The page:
"Ben Franklin Technology Center"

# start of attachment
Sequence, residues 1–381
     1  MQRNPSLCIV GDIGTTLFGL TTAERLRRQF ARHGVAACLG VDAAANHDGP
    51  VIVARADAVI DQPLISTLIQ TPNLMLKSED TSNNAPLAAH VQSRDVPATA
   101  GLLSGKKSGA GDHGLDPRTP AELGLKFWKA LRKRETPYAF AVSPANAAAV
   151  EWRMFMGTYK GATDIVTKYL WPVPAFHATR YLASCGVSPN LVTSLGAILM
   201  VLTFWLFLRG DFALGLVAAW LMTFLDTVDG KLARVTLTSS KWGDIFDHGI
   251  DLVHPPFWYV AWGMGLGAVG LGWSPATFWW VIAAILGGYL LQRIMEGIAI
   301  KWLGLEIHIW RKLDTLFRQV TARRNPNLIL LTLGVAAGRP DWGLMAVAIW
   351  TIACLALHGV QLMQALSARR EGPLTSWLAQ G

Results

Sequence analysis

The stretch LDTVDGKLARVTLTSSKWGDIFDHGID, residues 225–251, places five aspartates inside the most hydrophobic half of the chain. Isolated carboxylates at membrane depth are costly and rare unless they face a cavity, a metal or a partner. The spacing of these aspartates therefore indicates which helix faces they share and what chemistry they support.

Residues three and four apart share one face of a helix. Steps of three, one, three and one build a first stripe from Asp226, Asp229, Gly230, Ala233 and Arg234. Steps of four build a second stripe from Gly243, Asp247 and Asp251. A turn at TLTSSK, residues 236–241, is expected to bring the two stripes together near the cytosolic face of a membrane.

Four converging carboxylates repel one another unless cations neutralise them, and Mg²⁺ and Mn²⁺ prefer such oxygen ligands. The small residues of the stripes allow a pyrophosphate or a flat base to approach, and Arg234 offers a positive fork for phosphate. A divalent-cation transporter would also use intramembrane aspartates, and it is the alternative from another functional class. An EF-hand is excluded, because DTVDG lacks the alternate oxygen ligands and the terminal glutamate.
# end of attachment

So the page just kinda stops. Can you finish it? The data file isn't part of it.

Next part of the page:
115 Technology Center University Park PA 16802-7000 Tel: (814) 865-6878 Fax: (814) 865-0960 email@example.com www.cnp.benfranklin.org _______________________________________________________________________________________________ ALTERNATIVE ENERGY REPORT 12/23/09 Natural Gas as a More “Carbon Friendly” Energy Source Background Natural gas is an extremely important source of energy for reducing pollution and maintaining a clean and healthy environment. In addition to being a domestically abundant and secure source of energy, the use of natural gas also offers a number of environmental benefits over other sources of energy, particularly other fossil fuels. As many proponents have suggested, natural gas could bridge the gap from the current high greenhouse gas emitting fuels, to other alternative energy or cleaner energy technologies, used for electricity generation and possibly transportation. The rush to drill more natural gas wells comes in part because newly identified gas reserves offer the nation an opportunity to wean itself from oil. Emissions from the Combustion of Natural Gas Natural gas is the cleanest of all the fossil fuels. Composed primarily of methane, the main products of the combustion of natural gas are carbon dioxide and water vapor, the same compounds we exhale when we breathe. Coal and oil are composed of much more complex molecules, with a higher carbon ratio and higher nitrogen and sulfur contents. This means that when combusted, coal and oil release higher levels of harmful emissions, including a higher ratio of carbon emissions, nitrogen oxides (NOx), and sulfur dioxide (SO2). Coal and fuel oil also release ash particles into the environment, substances that do not burn but instead are carried into the atmosphere and contribute to pollution. The combustion of natural gas, on the other hand, releases very small amounts of sulfur dioxide and nitrogen oxides, virtually no ash or particulate matter, and lower levels of carbon dioxide, carbon monoxide, and other reactive hydrocarbons. Fossil Fuel Emission Levels - Pounds per Billion Btu of Energy Input Pollutant Natural Gas Oil Coal Carbon Dioxide 117,000 164,000 208,000 Carbon Monoxide 40 33 208 Nitrogen Oxides 92 448 457 Sulfur Dioxide 1 1,122 2,591 Particulates 7 84 2,744 Mercury 0.000 0.007 0.016 Source: EIA - Natural Gas Issues and Trends 1998 One of the principle greenhouse gases is carbon dioxide. Although carbon dioxide does not trap heat as effectively as other greenhouse gases (making it a less potent greenhouse gas), the sheer volume of carbon dioxide emissions into the atmosphere is very high, particularly from the burning of fossil fuels. In fact, according to the EIA in its report 'Emissions of Greenhouse Gases in the United States 2000', 81.2 percent of greenhouse gas emissions in the United States in 2000 came from carbon dioxide directly attributable to the combustion of fossil fuels. The Ben Franklin Technology Center is committed to affirmative action, equal opportunity and the diversity of its workforce. Page 1 of 12 115 Technology Center University Park PA 16802-7000 Tel: (814) 865-6878 Fax: (814) 865-0960 firstname.lastname@example.org www.cnp.benfranklin.org _______________________________________________________________________________________________ Because carbon dioxide makes up such a high proportion of U.S. greenhouse gas emissions, reducing carbon dioxide emissions can play a huge role in combating the greenhouse effect and global warming. The combustion of natural gas emits almost 30 percent less carbon dioxide than oil, and just under 45 percent less carbon dioxide than coal. Issue One issue that has arisen with respect to natural gas and the greenhouse effect is the fact that methane, the principle component of natural gas, is itself a very potent greenhouse gas. In fact, methane has an ability to trap heat almost 21 times more effectively than carbon dioxide. According to the Energy Information Administration, although methane emissions account for only 1.1 percent of total U.S. greenhouse gas emissions, they account for 8.5 percent of the greenhouse gas emissions based on global warming potential. Sources of methane emissions in the U.S. include the waste management and operations industry, the agricultural industry, as well as leaks and emissions from the oil and gas industry itself. A major study performed by the Environmental Protection Agency (EPA) and the Gas Research Institute (GRI) in 1997 sought to discover whether the reduction in carbon dioxide emissions from increased natural gas use would be offset by a possible increased level of methane emissions. The study concluded that the reduction in emissions from increased natural gas use strongly outweighs the detrimental effects of increased methane emissions. Thus the increased use of natural gas in the place of other, dirtier fossil fuels can serve to lessen the emission of greenhouse gases in the United States. Pollution from the Transportation Sector - Natural Gas Vehicles The transportation sector (particularly cars, trucks, and buses) is one of the greatest contributors to air pollution in the United States. Emissions from vehicles contribute to smog, low visibility, and various greenhouse gas emissions. According to the Department of Energy (DOE), about half of all air pollution and more than 80 percent of air pollution in cities are produced by cars and trucks in the United States. Natural gas can be used in the transportation sector to cut down on these high levels of pollution from gasoline and diesel powered cars, trucks, and buses. In fact, according to the EPA, compared to traditional vehicles, vehicles operating on compressed natural gas have reductions in carbon monoxide emissions of 90 to 97 percent, and reductions in carbon dioxide emissions of 25 percent. Nitrogen oxide emissions can be reduced by 35 to 60 percent, and other non-methane hydrocarbon emissions could be reduced by as much as 50 to 75 percent. In addition, because of the relatively simple makeup of natural gas in comparison to traditional vehicle fuels, there are fewer toxic and carcinogenic emissions from natural gas vehicles, and virtually no particulate emissions. Thus the environmentally friendly attributes of natural gas may be used in the transportation sector to reduce air pollution. Natural gas is the cleanest of the fossil fuels, and thus its many applications can serve to decrease harmful pollution levels from all sectors, particularly when used together with or replacing other fossil fuels. Accounting Problem Burning wood is considered "carbon neutral" because, as trees grow, they pull carbon out of the atmosphere and when they die, decompose, or are burned they release that same amount of carbon. With this, there is no net gain of CO2 in the atmosphere and growing plants and trees will continue to cycle that CO2. Compare this to the burning of fossil fuels like petroleum and natural gas, which release old carbon that has been deep in the earth for millions of years, creating a carbon imbalance in the atmosphere which contributes to global warming. However, a biomass co-generation plant converts carbon sequestered over a tree’s 50- to 60-year growing cycle to greenhouse gases. While existing greenhouse gas tracking and trading systems account only for emissions from fossil fuels, new tracking systems, which are already in development, will soon need to include emissions of biogenic carbon. The Ben Franklin Technology Center is committed to affirmative action, equal opportunity and the diversity of its workforce. Page 2 of 12 115 Technology Center University Park PA 16802-7000 Tel: (814) 865-6878 Fax: (814) 865-0960 email@example.com www.cnp.benfranklin.org _______________________________________________________________________________________________ Conventional and Unconventional Natural Gas Conventional natural gas is gas that may exist in the earth, trapped in a reservoir. 'Unconventional’ natural gas does not exist in these conventional reservoirs - rather, this natural gas takes another form, or is present in a peculiar formation that makes its extraction quite different from conventional resources. Unconventional natural gas, despite existing in non-traditional forms, is usually included in estimations of the amount of natural gas available for use. Historically, conventional natural gas deposits have been the most practical, and easiest, deposits to mine. However, as technology and geological knowledge advances, unconventional natural gas deposits are beginning to make up an increasingly larger percent of the supply picture. What was unconventional yesterday, may through some technological advance, or ingenious new process, become conventional tomorrow. In the broadest sense, unconventional natural gas is gas that is more difficult, and less economically sound, to extract, usually because the technology to reach it has not been developed fully, or is too expensive. For example, according to the Natural Gas.org site, prior to 1978, natural gas that had been discovered buried deep underground in the Anadarko basin was virtually untouched. It simply wasn't economical, or possible, to extract this natural gas. It was unconventional natural gas. However, deregulation of the area (and particularly the passage of the Natural Gas Policy Act, which provided incentives towards searching and extracting unconventional natural gas), spurred investment into deep exploration and development drilling, making much of the deep gas in the basin conventionally extractable. Industry and Market Structure The structure of the natural gas industry has changed dramatically since the mid-1980's, and is much more open to competition and choice. Wellhead prices are no longer regulated; meaning the price of natural gas is dependent on supply and demand interactions. Interstate pipelines no longer take ownership of the natural gas commodity; instead they offer only the transportation component, which is still under federal regulation. LDCs (local distribution companies) continue to offer bundled products to their customers, although retail unbundling taking place in many states allows the use of their distribution network for the transportation component alone. End users may purchase natural gas directly from producers or LDCs. One of the primary differences in the current structure of the market is the existence of natural gas marketers. Marketers serve to facilitate the movement of natural gas from the producer to the end user. Essentially, marketers can serve as a middle-man between any two parties, and can offer either bundled or unbundled service to its customers. Thus, in the structure mentioned above, marketers may be present between any two parties to facilitate the sale or purchase of natural gas, and can also contract for transportation and storage. Marketers may own the natural gas being transferred, or may simply facilitate its transportation and storage. Essentially, a myriad of different ownership pathways exist for natural gas to proceed from producer to end user. The Ben Franklin Technology Center is committed to affirmative action, equal opportunity and the diversity of its workforce. Page 3 of 12 115 Technology Center University Park PA 16802-7000 Tel: (814) 865-6878 Fax: (814) 865-0960 firstname.lastname@example.org www.cnp.benfranklin.org _______________________________________________________________________________________________ Simplified Structure of Industry after Pipeline Unbundling The diagram shows a simplified representation of the structure of the natural gas industry after pipeline unbundling and wellhead price deregulation. It is important to note that the actual ownership pathway of the gas may be significantly more complicated, as the marketer or the local distribution company (LDC) are not the final users. Either of these two entities may sell directly to the end user, or to other marketers or LDCs. Source: NGSA Global Statistics According to a June 2009 BP report on natural gas statistics for 2008, global gas consumption grew by 2.5%, below the 10-year average. In North America, spot gas prices for the year remained well below oil prices and consumption grew by an above-average 1.3%. Elsewhere only the Middle East saw above-average growth, driven by strong domestic consumption among energy-exporting nations and a rapid expansion of intra-regional trade. In OECD Europe and the Asia-Pacific region, oil-indexed gas prices rose more rapidly and consumption growth was below average. Chinese consumption grew by 15.8%, and China accounted for the largest incremental growth in world gas consumption. Global gas production grew by 3.8%, above the 10-year average of 3%. Strong growth was driven by the US, which for the second consecutive year accounted for the largest increment to global production. In the US output rose by 7.5%, 10 times the 10-year average and the strongest volumetric growth on record. The development of unconventional resources and strong drilling activity (which began to decline later in the year as prices weakened) drove the US increase. Natural gas accounts for 24.1% of world energy use, the highest share on record. See attached report http://www.bp.com/liveassets/bp_internet/globalbp/globalbp_uk_english/reports_and_publications/statistical_energy_r eview_2008/STAGING/local_assets/2009_downloads/statistical_review_of_world_energy_full_report_2009.pdf The Ben Franklin Technology Center is committed to affirmative action, equal opportunity and the diversity of its workforce. Page 4 of 12 115 Technology Center University Park PA 16802-7000 Tel: (814) 865-6878 Fax: (814) 865-0960 email@example.com www.cnp.benfranklin.org _______________________________________________________________________________________________ See chart for comparison of fuel consumption in the U. S. Note that the legend is opposite that of the chart. So for example, U. S. oil consumption is shown at the bottom of the chart. Data source: http://www.bp.com/iframe.do?categoryId=9024179&contentId=7044895 Natural Gas Prices More pricing and other data BP site http://www.bp.com/sectiongenericarticle.do?categoryId=9023782&contentId=7044477 The Ben Franklin Technology Center is committed to affirmative action, equal opportunity and the diversity of its workforce. Page 5 of 12 115 Technology Center University Park PA 16802-7000 Tel: (814) 865-6878 Fax: (814) 865-0960 firstname.lastname@example.org www.cnp.benfranklin.org _______________________________________________________________________________________________ Natural gas conversions According to Sourcewatch, some coal-fired power plants have been converted to burn natural gas, the environmental impacts of which are better understood than those of biomass. Natural gas combustion produces almost 45 percent fewer carbon dioxide emissions than coal, emits lower levels of nitrogen oxides and particulates, and produces virtually no sulfur dioxide and mercury emissions. The lower levels of these emissions mean that the use of natural gas does not contribute significantly to smog or acid rain formation. In addition, because natural gas boilers do not need the scrubbers required by coal-fired power plants to reduce SO2 emissions, natural gas plants create much less toxic sludge. However, natural gas is still a fossil fuel. Although its carbon content is lower than that of coal, it nonetheless releases harmful CO2 into the atmosphere when burned. Its extraction from shale, the most significant new source of natural gas, can have harmful impacts on water, land use, and wildlife, if the process is not managed properly. As with biofuels, many environmentalists do not see natural gas as a long-term solution for the nation's fuel needs. In July 2009, Robert F. Kennedy Jr. published a column acknowledging the "environmental caveats" that come with converting coal plants to natural gas. He and other environmental advocates, however, do support natural gas as a short-term solution to reduce the environmental burden of coal until renewable solar, wind, and geothermal technologies can be implemented to their full potential. Below is a list of existing, in progress, and proposed coal plant conversion projects. McDonough Steam Generating Plant In August, 2009, the Chattanooga Times Free Press reported that Georgia Power is moving ahead with plans to replace the McDonough Steam Generating Plant in Smyrna, Ga., with a natural gas-fired plant. Progress Energy plants in N.C. Progress Energy Corp. announced in August 2009 that it will shut down the three-unit 397-megawatt Lee Steam Plant near Goldsboro, N.C., and apply for regulatory approval to replace the coal generation with 950 megawatts of natural gas-fired generation. North Carolina State regulators approved the plan on October 1. Riverside and High Bridge Plants: Minneapolis/St. Paul, MN In September 2003, Xcel Energy announced plans to convert its Riverside and High Bridge coal plants to natural gas. The move came in response to an emissions reduction bill passed in 2001 by the Minnesota Legislature, allowing any utility company in the state to convert its coal plants to natural gas and then recover the costs of conversion through rate increases. The facilities were part of a $1 billion upgrade of Xcel power plants in Minnesota. The new 570 MW High Bridge Plant went online in May 2008 and the new 511 MW Riverside Plant in April 2009. Capitol Power Plant: Washington, DC On February 26, 2009, Speaker of the House Nancy Pelosi and Senate Majority Leader Harry Reid directed the Architect of the Capitol, Stephen T. Ayers, to switch the Capitol Power Plant to run on natural gas. The letter came just four days before a planned protest at the plant, where several thousand demonstrators gathered to protest global warming. The announcement was viewed by many as a victory for grassroots activism, but the rally went forward to call attention to coal issues around the country. In April 2009, Ayers responded that he was shifting the plant's fuel source to natural gas. As part of the transition, he requested $10 million to redesign and convert the second burner to use natural gas, a process that could be complete as early as November 2010. Ayers noted that the plant would continue to use coal as a backup fuel during abnormally cold weather or equipment outages. The Ben Franklin Technology Center is committed to affirmative action, equal opportunity and the diversity of its workforce. Page 6 of 12 115 Technology Center University Park PA 16802-7000 Tel: (814) 865-6878 Fax: (814) 865-0960 email@example.com www.cnp.benfranklin.org _______________________________________________________________________________________________ Arapahoe Station and Cameo Station In August 2008, Colorado regulators approved Xcel Energy’s plan to shut down two coal plants: the Arapahoe Station (Denver) and the Cameo Station (east of Grand Junction). According to Western Resource Advocates, "The utility’s decision to shut down the plants has been praised as the nation’s first voluntary effort to cut coal power generation in an attempt to reduce greenhouse gas emissions. In its decision to support Xcel’s plan, the Colorado Public Utilities Commission (PUC) cited public health benefits and shared concerns about carbon emissions as major selling-points in the company’s groundbreaking proposal. The verdict marks a collective effort to move the state and its utilities toward the carbon reduction goals outlined in Governor Bill Ritter’s Climate Action Plan." Xcel plans to replace the combined 229 MW of coal power with 850 MW of wind power and a 200 MW utility-scale solar power plant with storage capacity by 2015. Another key component of Xcel’s proposal, to build a 480 MW natural gas plant at the Arapahoe station, has been postponed pending approval by the Colorado PUC. Recent Innovation (now in the popular press) According to a 11/3/09 WSJ article…. The biggest energy innovation of the decade is natural gas—more specifically what is called "unconventional" natural gas. Some call it a revolution. Yet the natural gas revolution has unfolded with no great fanfare, no grand opening ceremony, no ribbon cutting. It just crept up. In 1990, unconventional gas—from shales, coal-bed methane and so-called "tight" formations—was about 10% of total U.S. production. Today it is around 40%, and growing fast, with shale gas by far the biggest part. Prices had gone up, but increased drilling failed to bring forth additional supplies. But a few companies were trying to solve a perennial problem: how to liberate shale gas—the plentiful natural gas supplies locked away in the impermeable shale. The experimental lab was a sprawling area called the Barnett Shale in the environs of Fort Worth, Texas. The companies were experimenting with two technologies. One was horizontal drilling. Instead of merely drilling straight down into the resource, horizontal wells go sideways after a certain depth, opening up a much larger area of the resource-bearing formation. The other technology is known as hydraulic fracturing, or "fraccing." Here, the producer injects a mixture of water and sand at high pressure to create multiple fractures throughout the rock, liberating the trapped gas to flow into the well. The critical but little-recognized breakthrough was early in this decade—finding a way to meld together these two increasingly complex technologies to finally crack the shale rock, and thus crack the code for a major new resource. It was not a single eureka moment, but rather the result of incremental experimentation and technical skill. The success freed the gas to flow in greater volumes and at a much lower unit cost than previously thought possible. In the last few years, the revolution has spread into other shale plays, from Louisiana and Arkansas to Pennsylvania and New York State, and British Columbia as well. The supply impact has been dramatic. In the lower 48, states thought to be in decline as a natural gas source, production surged an astonishing 15% from the beginning of 2007 to mid-2008. This increase is more than most other countries produce in total. Equally dramatic is the effect on U.S. reserves. With more drilling experience, U.S. estimates are likely to rise dramatically in the next few years. At current levels of demand, the U.S. has about 90 years of proven and potential supply—a number that is bound to go up as more and more shale gas is found. The Ben Franklin Technology Center is committed to affirmative action, equal opportunity and the diversity of its workforce. Page 7 of 12 115 Technology Center University Park PA 16802-7000 Tel: (814) 865-6878 Fax: (814) 865-0960 firstname.lastname@example.org www.cnp.benfranklin.org _______________________________________________________________________________________________ This transforms the debate over generating electricity. The U.S. electric power industry faces very big questions about fuel choice and what kind of new generating capacity to build. In the face of new climate regulations, the increased availability of gas will likely lead to more natural gas consumption in electric power because of gas's relatively lower CO2 emissions. Natural gas power plants can also be built more quickly than coal-fired plants. Some areas like Pennsylvania and New York, traditionally importers of the bulk of their energy from elsewhere, will instead become energy producers. It could also mean that more buses and truck fleets will be converted to natural gas. Energy-intensive manufacturing companies, which have been moving overseas in search of cheaper energy in order to remain globally competitive, may now stay home. So far only one serious obstacle to development of shale resources across the U.S. has appeared—water. The most visible concern is the fear in some quarters that hydrocarbons or chemicals used in fraccing might flow into aquifers that supply drinking water. However, in most instances, the gas-bearing and water-bearing layers are widely separated by thousands of vertical feet, as well as by rock, with the gas being much deeper. Therefore, the hydraulic fracturing of gas shales is unlikely to contaminate drinking water. The risks of contamination from surface handling of wastes, common to all industrial processes, requires continued care. While fraccing uses a good deal of water, it is actually less water-intensive than many other types of energy production. This new innovation will take time to establish its global credentials. The U.S. is really only beginning to grapple with the significance. It may be half a decade before the strength of the unconventional gas revolution outside North America can be properly assessed. But what has begun as the shale gale in the U.S. could end up being an increasingly powerful wind that blows through the world economy. See full article http://online.wsj.com/article_email/SB10001424052748703399204574507440795971268- lMyQjAxMDA5MDAwMjEwNDIyWj.html Water Quality Concerns Buried Secrets: Is Natural Gas Drilling Endangering U.S. Water Supplies? by Abrahm Lustgarten, ProPublica - November 19, 2008 In July, a hydrologist dropped a plastic sampling pipe 300 feet down a water well in rural Sublette County, Wyo., and pulled up a load of brown oily water with a foul smell. Tests showed it contained benzene, a chemical believed to cause aplastic anemia and leukemia, in a concentration 1,500 times the level safe for people. The results sent shockwaves through the energy industry and state and federal regulatory agencies. Sublette County is the home of one of the nation's largest natural gas fields, and many of its 6,000 wells have undergone a process pioneered by Halliburton called hydraulic fracturing , which shoots vast amounts of water, sand and chemicals several miles underground to break apart rock and release the gas. The process has been considered safe since a 2004 study by the Environmental Protection Agency found that it posed no risk to drinking water. After that study, Congress even exempted hydraulic fracturing from the Safe Drinking Water Act. Today fracturing is used in nine out of 10 natural gas wells in the United States. Over the last few years, however, a series of contamination incidents have raised questions about that EPA study and ignited a debate over whether the chemicals used in hydraulic fracturing may threaten the nation's increasingly precious drinking water supply. The Ben Franklin Technology Center is committed to affirmative action, equal opportunity and the diversity of its workforce. Page 8 of 12 115 Technology Center University Park PA 16802-7000 Tel: (814) 865-6878 Fax: (814) 865-0960 email@example.com www.cnp.benfranklin.org _______________________________________________________________________________________________ An investigation by ProPublica, which visited Sublette County and six other contamination sites, found that water contamination in drilling areas around the country is far more prevalent than the EPA asserts. Our investigation also found that the 2004 EPA study was not as conclusive as it claimed to be. A close review shows that the body of the study contains damaging information that wasn't mentioned in the conclusion. In fact, the study foreshadowed many of the problems now being reported across the country. The contamination in Sublette County is significant because it is the first to be documented by a federal agency, the U.S. Bureau of Land Management. But more than 1,000 other cases of contamination have been documented by courts and state and local governments in Colorado, New Mexico, Alabama, Ohio and Pennsylvania. It is difficult to pinpoint the exact cause of each contamination, or measure its spread across the environment accurately, because the precise nature and concentrations of the chemicals used by industry are considered trade secrets. Not even the EPA knows exactly what's in the drilling fluids. And that, EPA scientists say, makes it impossible to vouch for the safety of the drilling process or precisely track its effects. Of the 300-odd compounds that private researchers and the Bureau of Land Management suspect are being used, 65 are listed as hazardous by the federal government. Many of the rest are unstudied and unregulated, leaving a gaping hole in the nation's scientific understanding of how widespread drilling might affect water resources. "Halliburton's proprietary fluids are the result of years of extensive research, development testing," said Diana Gabriel, a company spokeswoman, in an e-mail response. "We have gone to great lengths to ensure that we are able to protect the fruits of the company's research…. We could lose our competitive advantage." "It is like Coke protecting its syrup formula for many of these service companies," said Scott Rotruck, vice president of corporate development at Chesapeake Energy, the nation’s largest gas driller, which has been asked by New York State regulators to disclose the chemicals it uses. Thanks in large part to hydraulic fracturing, natural gas drilling has vastly expanded across the United States. In 2007, there were 449,000 gas wells in 32 states, thirty percent more than in 2000. By 2012 the nation could be drilling 32,000 new wells a year, including some in the watershed that provides drinking water to New York City and Philadelphia, some five percent of the nation's population. See full article http://www.propublica.org/feature/buried-secrets-is-natural-gas-drilling-endangering-us-water- supplies-1113 Gas Supply According to a Dec 2009 report from First Enercast Financial, U.S. Natural Gas Inventories. On October 30, 2009, working natural gas in storage was 3,788 Bcf (U.S. Working Natural Gas in Storage Chart), 414 Bcf above the 5-year average (2004–2008), 379 Bcf above the level during the corresponding week last year, and 223 Bcf above the previous record of 3,565 Bcf reported for the end of October 2007. Assuming a winter storage withdrawal about 14 percent (240 Bcf) greater than the previous 5-year average (October 2004 – March 2009), end-of-winter (March 31, 2010) stocks will be about 1,739 Bcf. This would be the highest end-of-winter storage level since 1991, when inventories measured 1,912 Bcf. See full report http://www.firstenercastfinancial.com/e_commentary.php?cont=2854 The Ben Franklin Technology Center is committed to affirmative action, equal opportunity and the diversity of its workforce. Page 9 of 12 115 Technology Center University Park PA 16802-7000 Tel: (814) 865-6878 Fax: (814) 865-0960 firstname.lastname@example.org www.cnp.benfranklin.org _______________________________________________________________________________________________ Future Gas Prices According to an Oct 2009 article from Bulk Transporter, natural gas is getting more attention as a commercial truck fuel. EIA projects the monthly Henry Hub natural gas spot price to average $2.32 per thousand cubic feet (Mcf) in October, the lowest monthly average spot price since September 2001. Natural gas inventories likely will set a new record high at the end of this year's injection season (October 31), reaching more than 3.8 trillion cubic feet (Tcf). The projected Henry Hub annual average spot price increases from $3.65 per Mcf in 2009 to $4.78 in 2010. However, upward price pressure next year is limited by the sensitivity of natural gas use in the electric power sector to higher natural gas prices and continued expansion of U.S. natural gas production from shale formations. See full article http://bulktransporter.com/fleet/technology/diesel-projected-price-1001/ See current pricing http://tonto.eia.doe.gov/dnav/ng/ng_pri_top.asp Forecast Gas Prices According to the EIA site, the Henry Hub Spot Price for the year 2035 is expected to be $8.88 (in 2008 dollars). See full report http://www.eia.doe.gov/oiaf/forecasting.html According to the James A. Baker III Institute for Public Policy at Rice University, Henry Hub averages for natural gas is expected to be $6.98 (2010-2020) and $7.79 (2021-2030). See full report North American Shale Gas, Russia and Europe: An Unexpected Intersection Impacts of a Cap-and-Trade Program on Industries’ Production Costs (EPA report) In the absence of any mitigating policy measures like those proposed in H.R. 2454 (H.R. 2454: American Clean Energy and Security Act of 2009 http://www.govtrack.us/congress/bill.xpd?bill=h111-2454), the primary determinants of a cap- and-trade program’s effect on an industry’s production costs are the emission allowance price, the emission-intensity of the industry’s production — taking into account both its direct emissions and its indirect emissions from its electricity use — and the industry’s ability to shift to less emission-intensive production methods. The higher the allowance price, the more emission-intensive the industry’s production, and the less able an industry is to shift to less emission-intensive production methods, the greater will be the cap-and trade program’s impact on the industry’s production costs. In addition to the above factors, through its broader effects on the economy, a cap-and trade program can have other indirect effects on industries’ production costs. In particular, a cap-and-trade program can affect the cost of various raw materials (e.g., steel) that an industry uses. Through its effect on the demand for various fuels, such as coal and natural gas, a cap-and trade program can also affect the underlying price of those fuels (i.e., the price excluding any allowance costs) beyond the effect directly arising from the emission allowance requirement. A primary concern of many in industry, particularly those that use natural gas as a feedstock, is a cap-and-trade program’s effect on the demand for and underlying price of natural gas. However, it is important to recognize that a cap-and-trade program will not necessarily increase the underlying price of natural gas. In fact, it could reduce the underlying price of natural gas. A cap-and-trade program will reduce demand for natural gas in some applications by making energy efficiency improvements and renewable energy more economically attractive. At the same time, demand for natural gas could increase in other applications where natural gas use becomes more attractive than using coal or oil. Reflecting these countervailing effects, over the years, economic modeling has reached varying conclusions about whether and to what extent a cap-and-trade program would increase or reduce the total demand for and price of natural gas. Most current modeling projects relatively small impacts on the underlying price of natural gas, with a majority of studies projecting a small decline. For example, in its core scenario analysis, EPA’s modeling of H.R. 2454 projects that the underlying price (without allowance value) of natural gas decreases 0.6 percent in 2015 and 1.5 percent in 2020 relative to business-as-usual (BAU) levels. The Ben Franklin Technology Center is committed to affirmative action, equal opportunity and the diversity of its workforce. Page 10 of 12 115 Technology Center University Park PA 16802-7000 Tel: (814) 865-6878 Fax: (814) 865-0960 email@example.com www.cnp.benfranklin.org _______________________________________________________________________________________________ See full article http://www.epa.gov/climatechange/economics/pdfs/InteragencyReport_Competitiveness&EmissionLeakage.pdf Other influences According to the James A. Baker III Institute for Public Policy at Rice University (a leading institution advancing effective, nonpartisan foreign and domestic policy), twenty years ago, nearly 75% of federal lands were available for lease to oil and gas exploration companies. In recent years, however, environmental and land-use considerations have prompted the U.S. to withhold significant acreage from oil and gas development, and the share of Federal lands available has fallen below 20%. Moreover, since U.S. demand for natural gas is projected to grow during the next two decades, U.S. natural gas imports will have to rise significantly. This, in turn, raises concerns about security of supply and appropriate national natural gas policy. As U.S. natural gas demand grows, questions also arise about potential structural changes that might occur in the marketplace and how they might influence the future pricing relationships with competing fuels. This, in turn, has implications for future investments and the cost of various policies enacted today. In particular, the outlook for natural gas markets in North America are complicated by factors such as (i) the possibility of extreme volatility in international oil price trends, which are likely to be highly influenced by geopolitical factors, (ii) uncertainty about future environmental regulations in the U.S. electricity sector, and (iii) natural gas developments in other key consuming and producing regions around the world. Each of these will have implications for the competitiveness of natural gas relative to other fuels as a choice in industrial applications, power generation, and residential and commercial uses. See full article http://www.bakerinstitute.org/programs/energy-forum/research/northam- gas/index.html/?searchterm=natural%20gas%20price Natural gas now is in the spotlight According to a Nov 2009 article from San Antonio’s web site, …With CPS Energy's nuclear expansion plans on shaky ground, San Antonio soon could be looking for other ways to meet future energy needs. Because of a $4 billion cost estimate increase, Mayor Julián Castro says he is committed to protecting the utility's investment thus far, but he's ready to walk away from the deal and begin looking at alternatives. For CPS Energy, which spent the summer touting the nuclear expansion as the most affordable choice, natural gas is the next best option. At dozens of public meetings across the city, CPS Energy officials had said nuclear energy would cost 8.5 cents per kilo-watt hour, with natural gas coming in at 10.5 cents. The utility estimates wind would cost 12.5 cents, solar 21 cents. Yet CPS Energy also points out natural gas' weaknesses: its cost has been historically volatile — from highs above $12 per unit to current lows of $3 to $4 — and there are long-held concerns that the supply is declining. Consensus is growing within the energy industry, however, that new technological advances may have turned conventional wisdom on its head. Natural gas is viewed as a good alternative to coal because it emits about half the carbon dioxide. However, nuclear power plants, once construction is complete, don't produce any carbon dioxide — one of the reasons CPS Energy is pursuing the expansion so vigorously. The Ben Franklin Technology Center is committed to affirmative action, equal opportunity and the diversity of its workforce. Page 11 of 12 115 Technology Center University Park PA 16802-7000 Tel: (814) 865-6878 Fax: (814) 865-0960 firstname.lastname@example.org www.cnp.benfranklin.org _______________________________________________________________________________________________ San Antonio is no stranger to natural gas. Thirty years ago, all of the city's electricity was produced by burning the fuel. That changed in 1974, when LoVaca Gathering Co.'s Oscar Wyatt violated his contracts with the city and boosted the price of natural gas, sending residents' electric bills skyrocketing almost overnight. The incident persuaded CPS Energy leaders to diversify from what had been the city's sole energy source. They began building coal-fired power plants and bought into the two nuclear reactors opened at the South Texas Project in the late 1980s. Natural gas now makes up a little less than half of the city's power capacity. If the price of nuclear increases much, or if the long-term price of natural gas decreases, gas soon became the better option, he said. And with bigger, better-capitalized companies now in the natural gas business and the supply potentially opening up, Williams said that may be exactly what's happening. See full article http://www.mysanantonio.com/livinggreensa/70126532.html Appendix Exxon report http://www.exxonmobil.com/Corporate/Files/news_pub_eo_2009.pdf Rig Counts http://investor.shareholder.com/bhi/rig_counts/rc_index.cfm Other Pricing Estimates http://www.aidea.org/AEA/RenewableEnergyFund/Fuel_Price_Assumptions.pdf Storage http://www.naturalgas.org/naturalgas/storage.asp Shale Supplies See presentation "Energy Market Consequences of an Emerging U.S. Carbon Management Policy - Progress to Date" page 4 for US shale locations and page 8 for supply quantities. Author Mike Chmela (Project Director, Market Research) The Ben Franklin Technology Center is committed to affirmative action, equal opportunity and the diversity of its workforce. Page 12 of 12